The Pros & Cons of Licensing in California


The Pros and Cons of Licensure in CA

If you didn’t already know, California is one of the only states that regulates massage with a board (the CAMTC), rather than through state licensure. This year, the CAMTC is up for its sunset review, which means we have an opportunity to change the way massage is being regulated in our state.


Before we go too deeply into how we can make change, I want to discuss the pros and cons of retiring the CAMTC and moving on to state licensure.


Let’s start with the Cons


Depending on where you live in CA, changing to state licensure may make things seem a little more complicated.


1. There may be additional fees and regulations.

This one doesn’t necessarily apply the same way to all of us, because as it presently stands, your local government can choose to further regulate massage therapy in addition to what is required by the CAMTC. For example, in San Francisco, SFDPH regulates massage therapy heavily and in a way that is rather unfair for the small business owner and the private practitioner (i.e., not being able to legally practice in the majority of the city). State licensure may place a burden on those who want to stay off the radar, so to speak. Right now, we are not “required” to register through the CAMTC. However, most jobs end up requiring that you are certified and most practicing massage therapists in CA keep their certification up to date. However, some of the individuals who haven’t had to deal with any regulation or red tape in the past may be brought into the fold with licensure.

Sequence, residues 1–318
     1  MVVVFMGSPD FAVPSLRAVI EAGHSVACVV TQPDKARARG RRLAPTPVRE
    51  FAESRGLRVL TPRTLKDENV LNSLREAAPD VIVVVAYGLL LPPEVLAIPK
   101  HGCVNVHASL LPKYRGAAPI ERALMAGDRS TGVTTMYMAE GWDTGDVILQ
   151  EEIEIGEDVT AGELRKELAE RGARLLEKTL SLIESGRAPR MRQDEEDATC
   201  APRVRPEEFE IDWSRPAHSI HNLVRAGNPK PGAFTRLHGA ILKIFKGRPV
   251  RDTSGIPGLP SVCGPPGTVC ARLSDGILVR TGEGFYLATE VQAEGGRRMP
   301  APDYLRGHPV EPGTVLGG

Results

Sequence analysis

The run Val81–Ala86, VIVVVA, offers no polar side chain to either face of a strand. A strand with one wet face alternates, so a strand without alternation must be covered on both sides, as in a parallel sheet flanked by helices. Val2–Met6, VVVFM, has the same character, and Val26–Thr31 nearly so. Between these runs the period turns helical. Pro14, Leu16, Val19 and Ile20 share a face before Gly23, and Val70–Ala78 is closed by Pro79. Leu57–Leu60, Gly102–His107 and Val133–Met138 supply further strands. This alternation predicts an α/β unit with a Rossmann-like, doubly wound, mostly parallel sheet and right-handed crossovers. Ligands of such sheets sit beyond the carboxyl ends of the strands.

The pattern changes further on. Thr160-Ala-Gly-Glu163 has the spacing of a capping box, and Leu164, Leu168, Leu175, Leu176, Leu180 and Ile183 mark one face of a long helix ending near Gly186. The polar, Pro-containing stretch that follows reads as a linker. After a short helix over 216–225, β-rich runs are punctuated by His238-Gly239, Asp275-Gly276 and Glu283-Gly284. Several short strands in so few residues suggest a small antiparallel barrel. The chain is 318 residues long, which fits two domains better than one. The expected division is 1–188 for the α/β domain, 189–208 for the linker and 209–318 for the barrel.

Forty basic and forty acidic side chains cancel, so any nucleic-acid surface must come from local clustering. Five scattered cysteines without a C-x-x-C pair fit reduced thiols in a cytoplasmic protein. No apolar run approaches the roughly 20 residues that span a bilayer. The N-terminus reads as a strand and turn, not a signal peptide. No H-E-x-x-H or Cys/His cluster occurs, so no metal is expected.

2. There may be CEU requirements.

I’m going to be completely honest with you. You’re not going to hear any of us here at the Morales Method® complaining about CEU requirements. That said, I also understand not all of us are on the same page. For example, there are those who live in remote areas who incur travel costs and therefore may face additional hurdles to complete these CEU hours. This is definitely a con for those individuals. I will be the first to admit that the world of CEU education these days is unfortunately filled with plenty of duds and filler class hours, making it annoying to have to meet some CEU requirements. There are however plenty of wonderful options to expand your mind and freshen up your approach to your work!


3. Potential for testing

As we know, sticking with the CAMTC does not eliminate the possibility of testing (the MBLEx has been here before and it could come back again). However, it is very likely that if there is some form of statewide regulation for massage therapy, education and testing will be required to become licensed as a Massage Therapist. Many of us don’t like taking tests and don’t feel that a written test necessarily reflect the full aptitude that someone may have in manual therapy.



Alright, so now let’s move onto the Pros.


1. It will make it more difficult for ‘bad actors’ to acquire licensure.